But I don't.

Saturday, June 23, 2012

Pyrrhus in the pulpit

Bill Donohue redefines victory

The e-mail announcements from the Catholic League always bear ALL-CAPS subject lines, presumably to conform to the histrionic style of its leader and bombastic spokesman, the cheerfully obstreperous Bill Donohue. Clearly the crew at the Catholic League was poised with press release ready the moment the jury weighed in on the fate of  Monsignor William Lynn. The priest was convicted on one count of child endangerment:
Monsignor Lynn served as secretary for clergy for the 1.5 million-member [Philadelphia] archdiocese from 1992 to 2004, recommending priest assignments and investigating abuse complaints. Prosecutors presented a flood of evidence that Monsignor Lynn had not acted strongly to keep suspected molesters away from children, let alone to report them to law enforcement.
The jury, however, declined to convict Msgr. Lynn on the charge of conspiracy or a second child-endangerment accusation. Thus Donohue hastened to declare victory, sort of, with a generous dollop of but-everybody's-doing-it:
The witch-hunt has come to an end, and those who have been clamoring for blood lost big time. What made this a witch-hunt was the decision of former Philadelphia D.A. Lynne Abraham to summarily ignore what she was empowered to do in 2001: she was given the charge “to investigate the sexual abuse of minors by individuals associated with religious organizations and denominations.” Had she done so, those cases of minors who may have been sexually molested by ministers, rabbis, and others, would have been investigated. Instead, absolutely nothing was done about these cases.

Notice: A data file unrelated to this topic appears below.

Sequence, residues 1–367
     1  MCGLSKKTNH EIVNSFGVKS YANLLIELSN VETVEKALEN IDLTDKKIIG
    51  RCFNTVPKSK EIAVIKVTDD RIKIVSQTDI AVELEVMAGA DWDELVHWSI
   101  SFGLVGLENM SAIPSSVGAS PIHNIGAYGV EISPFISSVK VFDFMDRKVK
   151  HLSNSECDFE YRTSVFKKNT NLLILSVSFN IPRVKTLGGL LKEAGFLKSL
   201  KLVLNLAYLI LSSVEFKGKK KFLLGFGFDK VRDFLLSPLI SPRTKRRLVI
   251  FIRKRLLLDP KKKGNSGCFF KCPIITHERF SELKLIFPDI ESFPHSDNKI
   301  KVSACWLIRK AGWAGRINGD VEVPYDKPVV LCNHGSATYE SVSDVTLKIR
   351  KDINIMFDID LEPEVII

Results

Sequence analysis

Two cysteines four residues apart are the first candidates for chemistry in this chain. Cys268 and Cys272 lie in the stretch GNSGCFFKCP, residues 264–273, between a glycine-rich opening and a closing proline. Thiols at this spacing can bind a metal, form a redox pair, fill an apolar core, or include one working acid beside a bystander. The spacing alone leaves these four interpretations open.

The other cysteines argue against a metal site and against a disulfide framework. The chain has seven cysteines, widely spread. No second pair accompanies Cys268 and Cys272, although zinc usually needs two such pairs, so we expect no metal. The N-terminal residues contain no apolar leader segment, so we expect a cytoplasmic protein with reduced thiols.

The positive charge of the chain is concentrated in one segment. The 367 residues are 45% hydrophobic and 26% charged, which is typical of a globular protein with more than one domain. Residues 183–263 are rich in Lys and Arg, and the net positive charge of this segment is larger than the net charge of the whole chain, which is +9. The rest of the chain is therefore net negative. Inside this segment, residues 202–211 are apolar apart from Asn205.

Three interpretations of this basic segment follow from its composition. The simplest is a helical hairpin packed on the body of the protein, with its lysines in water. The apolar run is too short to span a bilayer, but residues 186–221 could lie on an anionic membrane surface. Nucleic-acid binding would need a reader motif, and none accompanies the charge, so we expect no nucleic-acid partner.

Nothing was done? Bill knows this, of course, because D.A. Abraham declines to confide in him concerning other investigations by the district attorney's office. Therefore these other investigations must not exist. Since the D.A. went after a Catholic priest, this is obviously a vendetta against Rome. Besides, Abraham failed to get a conviction against a second priest, hence her prosecutorial efforts are exposed as simple anti-Catholicism. At least, this is how the Catholic League sees it!

Donohue's crowing is not muted by the facts of the second case:
A second priest, the Rev. James J. Brennan, 49, was tried with Monsignor Lynn, charged with attempted rape and endangerment of a youth, but the defense challenged the accuser’s credibility.

To convict, the jury had to find that Father Brennan had not only abused that boy but continued to put children at risk over subsequent years of ministry. The prosecutors were unable to find later victims. The jury said it was deadlocked on the two counts against Father Brennan, and Judge Sarmina declared a mistrial on those charges.
Donohue, however, is certain that Fr. Brennan was small fry and not the real target of the investigation:
They wanted the big prize—they wanted to nail a high-ranking clergyman on conspiracy. Had they won on this count, they would have been in the driver’s seat to pursue other “conspirators” nationally. Looks like their car ran out of gas in Philadelphia.
Hurrah! Victory!

Just between you and me, however, I suspect the celebratory mood is rather more muted when Donohue and his minions are behind closed doors. Another molester-shuffling cleric has been caught playing “hide the abuser.” The champagne won't have many bubbles.

Wednesday, June 20, 2012

Procrustes writes a book

Slow Denialist and the Seven Plots